Turkey deploys 2,000 Syrian fighters to Libya: report
Turkey has reportedly deployed more than two thousand Syrian fighters to Libya to fend off an offensive by Khalifa Haftar's Libyan National Army (LNA) forces.
Earlier this month, Turkey's parliament passed a bill approving a military deployment to Libya, aimed at shoring up the UN-backed Tripoli-based government of Libyan Prime Minister Fayez al-Sarraj.
No details were given at the time on the scale of the potential deployment.
Syrian sources told The Guardian on Wednesday that an initial deployment of 300 men from the second division of the Syrian National Army (SNA) had left Syria on 24 December.
Another 350-strong group from the division, part of Turkish-backed rebel groups in Syria, left the country days later on 29 December.
The fighters were flown to Tripoli and immediately deployed to frontline positions.
In early January, a further 1,350 men crossed into Turkey, with some posted to Libya while others will undergo military training in southern Turkey.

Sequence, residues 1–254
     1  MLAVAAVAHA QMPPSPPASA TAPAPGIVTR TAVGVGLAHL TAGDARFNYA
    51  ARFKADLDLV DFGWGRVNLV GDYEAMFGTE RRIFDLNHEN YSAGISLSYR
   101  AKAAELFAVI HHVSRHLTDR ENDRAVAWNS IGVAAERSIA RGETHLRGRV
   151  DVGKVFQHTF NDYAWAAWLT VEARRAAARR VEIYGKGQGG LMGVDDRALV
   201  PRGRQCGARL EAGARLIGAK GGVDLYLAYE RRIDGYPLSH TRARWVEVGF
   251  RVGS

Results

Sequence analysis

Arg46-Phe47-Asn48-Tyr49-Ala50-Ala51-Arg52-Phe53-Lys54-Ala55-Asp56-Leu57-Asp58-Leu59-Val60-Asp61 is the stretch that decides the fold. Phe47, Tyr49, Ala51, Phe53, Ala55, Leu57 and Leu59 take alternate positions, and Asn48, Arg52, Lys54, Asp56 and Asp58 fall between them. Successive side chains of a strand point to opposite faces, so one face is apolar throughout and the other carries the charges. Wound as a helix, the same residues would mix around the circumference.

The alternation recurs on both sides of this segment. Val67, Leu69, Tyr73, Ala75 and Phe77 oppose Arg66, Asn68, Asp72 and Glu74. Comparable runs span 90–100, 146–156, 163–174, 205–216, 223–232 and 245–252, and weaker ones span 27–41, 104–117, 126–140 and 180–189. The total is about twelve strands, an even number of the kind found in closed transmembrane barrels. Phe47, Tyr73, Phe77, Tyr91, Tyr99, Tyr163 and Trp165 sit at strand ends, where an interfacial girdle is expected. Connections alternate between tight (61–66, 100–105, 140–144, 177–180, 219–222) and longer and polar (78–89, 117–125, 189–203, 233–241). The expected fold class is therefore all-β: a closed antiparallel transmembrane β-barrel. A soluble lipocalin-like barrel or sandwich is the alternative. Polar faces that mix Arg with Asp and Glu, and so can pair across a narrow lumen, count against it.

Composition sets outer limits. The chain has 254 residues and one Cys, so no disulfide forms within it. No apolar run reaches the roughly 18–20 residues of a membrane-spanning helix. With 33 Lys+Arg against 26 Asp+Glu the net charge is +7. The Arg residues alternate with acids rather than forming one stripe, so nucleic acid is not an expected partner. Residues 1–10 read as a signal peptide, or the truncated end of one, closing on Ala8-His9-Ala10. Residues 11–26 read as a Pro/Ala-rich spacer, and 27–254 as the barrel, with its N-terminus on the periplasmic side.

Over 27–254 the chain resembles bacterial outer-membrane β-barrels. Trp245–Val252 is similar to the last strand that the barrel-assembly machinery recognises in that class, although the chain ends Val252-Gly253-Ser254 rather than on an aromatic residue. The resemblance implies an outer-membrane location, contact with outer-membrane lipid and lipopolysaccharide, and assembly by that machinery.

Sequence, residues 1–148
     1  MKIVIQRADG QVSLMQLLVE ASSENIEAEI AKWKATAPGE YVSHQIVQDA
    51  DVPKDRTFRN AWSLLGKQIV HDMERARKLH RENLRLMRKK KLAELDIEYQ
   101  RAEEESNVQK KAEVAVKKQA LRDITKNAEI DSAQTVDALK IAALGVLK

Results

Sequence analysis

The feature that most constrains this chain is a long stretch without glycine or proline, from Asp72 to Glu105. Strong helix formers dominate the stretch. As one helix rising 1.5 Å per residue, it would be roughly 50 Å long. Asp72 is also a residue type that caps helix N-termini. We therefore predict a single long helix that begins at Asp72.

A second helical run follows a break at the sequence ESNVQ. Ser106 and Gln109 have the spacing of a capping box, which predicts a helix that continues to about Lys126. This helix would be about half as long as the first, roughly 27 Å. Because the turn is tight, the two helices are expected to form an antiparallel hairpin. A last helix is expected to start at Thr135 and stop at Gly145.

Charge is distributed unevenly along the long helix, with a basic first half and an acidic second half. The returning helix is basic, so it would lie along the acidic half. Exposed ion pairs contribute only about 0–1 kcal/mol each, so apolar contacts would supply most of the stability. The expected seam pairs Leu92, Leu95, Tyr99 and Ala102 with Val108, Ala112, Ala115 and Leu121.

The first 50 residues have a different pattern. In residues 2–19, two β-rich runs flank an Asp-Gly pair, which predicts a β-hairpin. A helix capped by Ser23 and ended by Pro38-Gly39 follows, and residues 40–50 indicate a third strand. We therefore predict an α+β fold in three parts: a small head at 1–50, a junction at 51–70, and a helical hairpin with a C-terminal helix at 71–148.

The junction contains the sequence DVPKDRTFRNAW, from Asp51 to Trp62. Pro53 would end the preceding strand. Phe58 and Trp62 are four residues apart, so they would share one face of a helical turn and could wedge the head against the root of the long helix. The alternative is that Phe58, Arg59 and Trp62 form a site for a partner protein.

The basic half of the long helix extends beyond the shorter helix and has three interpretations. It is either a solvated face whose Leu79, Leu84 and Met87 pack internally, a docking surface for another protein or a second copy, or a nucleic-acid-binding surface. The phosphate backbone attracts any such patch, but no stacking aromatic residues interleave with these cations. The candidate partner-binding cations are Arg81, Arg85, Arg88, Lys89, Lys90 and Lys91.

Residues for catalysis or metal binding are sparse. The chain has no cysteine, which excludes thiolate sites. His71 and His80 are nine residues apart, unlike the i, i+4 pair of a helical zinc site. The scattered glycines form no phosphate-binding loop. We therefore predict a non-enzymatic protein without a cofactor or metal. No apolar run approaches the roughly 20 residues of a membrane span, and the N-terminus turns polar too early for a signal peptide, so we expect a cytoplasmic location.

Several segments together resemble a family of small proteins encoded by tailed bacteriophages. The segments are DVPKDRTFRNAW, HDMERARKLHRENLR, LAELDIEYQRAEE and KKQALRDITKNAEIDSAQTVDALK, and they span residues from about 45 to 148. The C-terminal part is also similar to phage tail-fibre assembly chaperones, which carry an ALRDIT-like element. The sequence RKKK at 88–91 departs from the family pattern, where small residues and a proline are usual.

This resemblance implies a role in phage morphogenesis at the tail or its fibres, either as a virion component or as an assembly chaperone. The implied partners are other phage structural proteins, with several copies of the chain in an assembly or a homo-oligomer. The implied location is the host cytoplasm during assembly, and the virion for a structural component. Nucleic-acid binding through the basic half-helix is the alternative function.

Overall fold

One source told the Guardian that the Syrian fighters are expected to form a division named after Libyan resistance leader Omar al-Mukhtar, who fought against the Italian occupation of the North African country before being executed in 1931.
Turkey said last week that it had deployed 35 military personnel to Libya, but they would not take part in the fighting.
The revelations that hundreds of Syrian fighters have been deployed to Libya represents a significant development in the country's ongoing civil war.
Such fighters have reportedly signed six-month contracts with al-Sarraj's Government of National Accord (GNA), the Guardian reported, with monthly salaries of up to $2,000.
They have also been promised Turkish citizenship as an added incentive to fight.
Turkey and Libya have repeatedly denied the presence of Syrian fighters in the country.
Turkey supports the UN-recognised Government of National Accord based in Tripoli, which has been under attack by Haftar's forces since April.
Russian mercenaries from the Wagner Group have been deployed to Libya to fight for Haftar - who is backed by Egypt, Saudi Arabia, and the United Arab Emirates (UAE) - together with an estimated 3,000 Sudanese fighters.
Haftar left Moscow on Tuesday without signing a ceasefire agreement mediated by Russia and Turkey to end nine months of fighting in the country.